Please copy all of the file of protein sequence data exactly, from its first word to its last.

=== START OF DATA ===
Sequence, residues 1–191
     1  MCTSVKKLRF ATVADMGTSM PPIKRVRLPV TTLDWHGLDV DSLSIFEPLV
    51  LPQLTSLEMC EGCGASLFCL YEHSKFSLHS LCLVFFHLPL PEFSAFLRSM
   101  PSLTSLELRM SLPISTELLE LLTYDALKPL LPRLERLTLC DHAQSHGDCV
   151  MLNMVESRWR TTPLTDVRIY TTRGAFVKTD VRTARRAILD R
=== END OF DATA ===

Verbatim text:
Sequence, residues 1–191
     1  MCTSVKKLRF ATVADMGTSM PPIKRVRLPV TTLDWHGLDV DSLSIFEPLV
    51  LPQLTSLEMC EGCGASLFCL YEHSKFSLHS LCLVFFHLPL PEFSAFLRSM
   101  PSLTSLELRM SLPISTELLE LLTYDALKPL LPRLERLTLC DHAQSHGDCV
   151  MLNMVESRWR TTPLTDVRIY TTRGAFVKTD VRTARRAILD R